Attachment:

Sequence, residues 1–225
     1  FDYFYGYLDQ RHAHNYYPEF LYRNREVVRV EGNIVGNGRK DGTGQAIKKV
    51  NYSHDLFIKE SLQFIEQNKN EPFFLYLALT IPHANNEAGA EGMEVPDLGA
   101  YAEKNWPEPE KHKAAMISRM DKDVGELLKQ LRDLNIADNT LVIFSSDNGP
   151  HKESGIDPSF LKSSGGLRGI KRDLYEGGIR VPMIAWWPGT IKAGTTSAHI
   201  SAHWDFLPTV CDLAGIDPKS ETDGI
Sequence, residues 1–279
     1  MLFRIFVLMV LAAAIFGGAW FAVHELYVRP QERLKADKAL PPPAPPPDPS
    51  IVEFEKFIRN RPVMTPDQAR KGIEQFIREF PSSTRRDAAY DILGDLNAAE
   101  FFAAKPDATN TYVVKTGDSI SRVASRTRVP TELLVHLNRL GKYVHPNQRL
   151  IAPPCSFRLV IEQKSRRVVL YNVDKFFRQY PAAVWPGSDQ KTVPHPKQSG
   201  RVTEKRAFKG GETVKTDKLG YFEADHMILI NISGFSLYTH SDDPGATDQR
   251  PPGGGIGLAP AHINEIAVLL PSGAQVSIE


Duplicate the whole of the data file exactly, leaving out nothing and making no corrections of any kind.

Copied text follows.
Sequence, residues 1–225
     1  FDYFYGYLDQ RHAHNYYPEF LYRNREVVRV EGNIVGNGRK DGTGQAIKKV
    51  NYSHDLFIKE SLQFIEQNKN EPFFLYLALT IPHANNEAGA EGMEVPDLGA
   101  YAEKNWPEPE KHKAAMISRM DKDVGELLKQ LRDLNIADNT LVIFSSDNGP
   151  HKESGIDPSF LKSSGGLRGI KRDLYEGGIR VPMIAWWPGT IKAGTTSAHI
   201  SAHWDFLPTV CDLAGIDPKS ETDGI
Sequence, residues 1–279
     1  MLFRIFVLMV LAAAIFGGAW FAVHELYVRP QERLKADKAL PPPAPPPDPS
    51  IVEFEKFIRN RPVMTPDQAR KGIEQFIREF PSSTRRDAAY DILGDLNAAE
   101  FFAAKPDATN TYVVKTGDSI SRVASRTRVP TELLVHLNRL GKYVHPNQRL
   151  IAPPCSFRLV IEQKSRRVVL YNVDKFFRQY PAAVWPGSDQ KTVPHPKQSG
   201  RVTEKRAFKG GETVKTDKLG YFEADHMILI NISGFSLYTH SDDPGATDQR
   251  PPGGGIGLAP AHINEIAVLL PSGAQVSIE